My sister and her husband moved into a new house just before their first child was born. There was a little room off the kitchen—a nook, really, not even a whole room. It was too small to be a home office and too visible to be for storage. They decided to make it my sister’s sitting room. The idea took hold that she would bring in her rocking chair and an oversized throw and put her feet up with a good book and cup of hot tea while the baby napped.
It was a wonderful plan, but one that immediately fell victim to the reality of a newborn. (I think every parent has a story of the pre-baby vision that went kaput after the birth. I once read that journalist Maria Shriver had aimed to keep anchoring the Saturday news and Sunday morning show from the East Coast while living in Los Angeles. When her baby came, an exhausted Shriver quickly scaled back.) My sister never claimed ownership of the room—never put her feet up, never drank the tea. Her baby was born and her rocking chair was hauled to the nursery for those middle-of-the-night wakings. The myriad infant gear that quickly followed her daughter’s debut—swing, bouncy seat, baby gym, activity center, jumper, and more—found a perfect home in that room. Over time, after the arrival of a second daughter, the nook became the kids’ playroom.
Virginia Woolf may have extolled the virtues of having a room of one’s own, but often we can’t even stake our claim for a little kitchen nook. Yet I believe having your own space—where you can think, dream, ponder, plan and create, or just be—is essential in our fast-paced, over-connected world. And your office or home office doesn’t count, since it’s a place where your mind immediately goes outward to what task is on deck, rather than looking inward for that much-important inner peace.
When my own kids were younger, I decided I wanted such a personal spot in my home, a tree house of sorts where I could do a deep relaxation or meditate or even read without interruption after I “pulled the up ladder.” We didn’t have an extra room—not even a nook—so I decided to appropriate a walk-in closet. It sounds a little pathetic, but its cocoon-like atmosphere actually made me feel supported and secure.
Of course, there were challenges in trying to transform that closet. For one, it had hanging clothes. I found if I pushed the items forward there was extra space in the back. I cleared the bottom rung of a wall of shelves of its boots and mittens and laid down a colorful scarf, turning it into a joint altar/reading table. I placed my favorite books and some spiritual statues on the shelf and added a small meditation cushion on the floor. My space was ready.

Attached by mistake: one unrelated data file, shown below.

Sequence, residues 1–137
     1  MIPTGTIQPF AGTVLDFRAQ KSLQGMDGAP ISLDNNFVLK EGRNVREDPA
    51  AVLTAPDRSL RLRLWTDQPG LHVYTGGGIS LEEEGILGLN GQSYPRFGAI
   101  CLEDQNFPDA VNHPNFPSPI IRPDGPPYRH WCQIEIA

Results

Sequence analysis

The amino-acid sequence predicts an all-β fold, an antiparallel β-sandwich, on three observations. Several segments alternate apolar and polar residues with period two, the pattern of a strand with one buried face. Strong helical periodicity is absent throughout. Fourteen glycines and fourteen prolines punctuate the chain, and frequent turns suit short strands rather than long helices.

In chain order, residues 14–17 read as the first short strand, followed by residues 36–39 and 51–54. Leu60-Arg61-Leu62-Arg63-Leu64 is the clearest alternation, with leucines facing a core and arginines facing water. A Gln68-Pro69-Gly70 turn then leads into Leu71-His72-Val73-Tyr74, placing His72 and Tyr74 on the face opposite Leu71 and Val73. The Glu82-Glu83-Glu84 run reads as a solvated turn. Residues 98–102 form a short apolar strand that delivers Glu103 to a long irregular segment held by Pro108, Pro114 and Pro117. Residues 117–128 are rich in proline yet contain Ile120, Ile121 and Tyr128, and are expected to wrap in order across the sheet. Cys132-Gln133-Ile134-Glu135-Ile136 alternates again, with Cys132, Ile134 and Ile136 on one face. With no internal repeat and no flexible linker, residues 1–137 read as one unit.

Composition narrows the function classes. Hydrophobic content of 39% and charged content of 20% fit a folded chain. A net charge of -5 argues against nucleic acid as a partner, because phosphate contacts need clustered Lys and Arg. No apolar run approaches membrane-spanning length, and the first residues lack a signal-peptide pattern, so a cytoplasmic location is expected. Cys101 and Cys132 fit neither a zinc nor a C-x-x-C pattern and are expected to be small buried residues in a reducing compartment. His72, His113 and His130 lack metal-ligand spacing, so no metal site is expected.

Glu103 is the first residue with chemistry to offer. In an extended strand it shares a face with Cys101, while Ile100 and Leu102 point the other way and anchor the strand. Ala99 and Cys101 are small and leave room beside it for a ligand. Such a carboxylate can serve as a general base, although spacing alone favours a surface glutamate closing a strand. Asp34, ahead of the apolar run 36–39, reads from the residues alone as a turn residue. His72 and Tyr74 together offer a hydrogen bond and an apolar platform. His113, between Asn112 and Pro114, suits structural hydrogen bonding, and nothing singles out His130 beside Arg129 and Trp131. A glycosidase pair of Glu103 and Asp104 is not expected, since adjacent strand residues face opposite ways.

When I told my friend Anne about my new sacred space, she peppered me with questions. She didn’t have room in her closet. Could her place be a favorite club chair? I didn’t see why not—after all, Archie Bunker claimed his chair as his sanctuary. You just have to make sure everyone in your household understands that this is your special place and they need to leave you alone when you’re there. Anne refrained from paying bills or watching TV in that chair, using it mostly for deep breathing exercises, spiritual reading, or savoring a piece of her beloved artisan chocolate. Soon she could feel her brain detox the minute her butt hit the cushy pillows.
I myself got much use out of my closet nook, until we moved to a larger house with more rooms. I liked just knowing that it was there, beckoning me to its comfy space even if at that moment I was dealing with a kid’s skinned knee or a late-night work emergency and couldn’t enter. When I did go there, mostly in the evening just before bed, I went inside myself by reading or meditating or just thinking, and I felt transformed. I barely remembered I was in a closet.
Do you have a special space? If not, give yourself this gift. A room (or a closet or a chair or a back porch) to counter the frenzy of the world and even the energy of the other people you live with—no matter how much you love them.
Meryl Davids Landau is the author of the new book Enlightened Parenting: A Mom Reflects on Living Spiritually With Kids.
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